• Limitation: If processing is done locally, you can’t share VMs or resources across a network to thin clients or mobile devices.

Remote desktop virtualisation

  • What it is: A virtual desktop operates on external hardware, but users can stream it onto and operate it from their device remotely. In a nutshell, you can click, open files and connect to your apps just like any other computer. 
  • Advantage: With desktops hosted in a remote server, IT departments get much more centralised control over applications and desktops. This doesn’t just give a huge boost to security. It means organisations can maximise their IT hardware investments with shared resources. Also, users get added flexibility with the freedom to connect to a virtual desktop from most smart devices. 
  • Limitation: You need a stable internet connection to run a remote desktop. That said, you don’t need download speeds as fast as you might think. In our’ Impact of 5G on cloud computing article’, we found that the UK’s average internet speed was typically 2x faster than needed for effective cloud computing.  

Remote desktop virtualisation - what are the different options?

To make things that little bit more complicated, you also have a couple of different options available for remote desktop virtualisation.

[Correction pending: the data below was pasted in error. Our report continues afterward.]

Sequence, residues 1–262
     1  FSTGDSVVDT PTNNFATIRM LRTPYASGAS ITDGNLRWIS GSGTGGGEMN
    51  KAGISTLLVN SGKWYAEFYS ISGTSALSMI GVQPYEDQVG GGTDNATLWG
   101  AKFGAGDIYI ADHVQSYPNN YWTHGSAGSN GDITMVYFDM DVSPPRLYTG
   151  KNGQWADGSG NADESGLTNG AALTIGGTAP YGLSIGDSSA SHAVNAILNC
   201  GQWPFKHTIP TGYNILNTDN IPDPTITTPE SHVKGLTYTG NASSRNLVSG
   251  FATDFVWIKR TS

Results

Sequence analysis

Hosted Desktop Virtualisation: (Desktop-as-a-service)

With hosted desktops, your organisation’s virtual desktops aren’t connected to in-house servers. Instead, your DaaS provider manages network control, load balancing and resource provisioning for you.

A third-party data centre is responsible for hosting your company’s desktops. Your staff are thus able to access their desktops, applications and data from any location. With the correct setup, hosted desktops can stream to almost any other device.

This approach is attractive to a lot of organisations, since its often a much more affordable entry into cloud computing than VDIs (more on that below). Instead of paying a substantial upfront cost to buy the required hardware or hire cloud specialists to manage a virtual infrastructure, organisations can access a modern, cloud desktop for a flat monthly fee.

Depending on your needs, you can also choose a specialised DaaS supplier for added advantages.

*shameless plug alert*

With boxxe’s Modern Desktop on Demand service, for example, your cloud desktop would be managed by MoD-certified security specialists meaning that your sensitive data would benefit from added protection at no extra cost. 

Virtual Desktops (VDIs)

Virtual desktops and hosted desktops offer similar functionalities. The fundamental difference is the solution’s setup. VDIs are managed in-house and not by a third-party (external) solution provider.

Virtual desktops are the same as hosted desktops in that your staff can access their data, applications and desktops from any location.

Best virtual desktop for windows 10

66% of all UK desktops run a Windows operating system. With Windows 10 as the most modern, supported operating system available currently, one of the most common desktop virtualisation questions is 'which is the best hosted virtual desktop for windows 10'.

Our favourite pick is Azure Windows Virtual Desktop. For a full summary of why it has us excited, read about the impact Windows Virtual Desktop has had during the pandemic.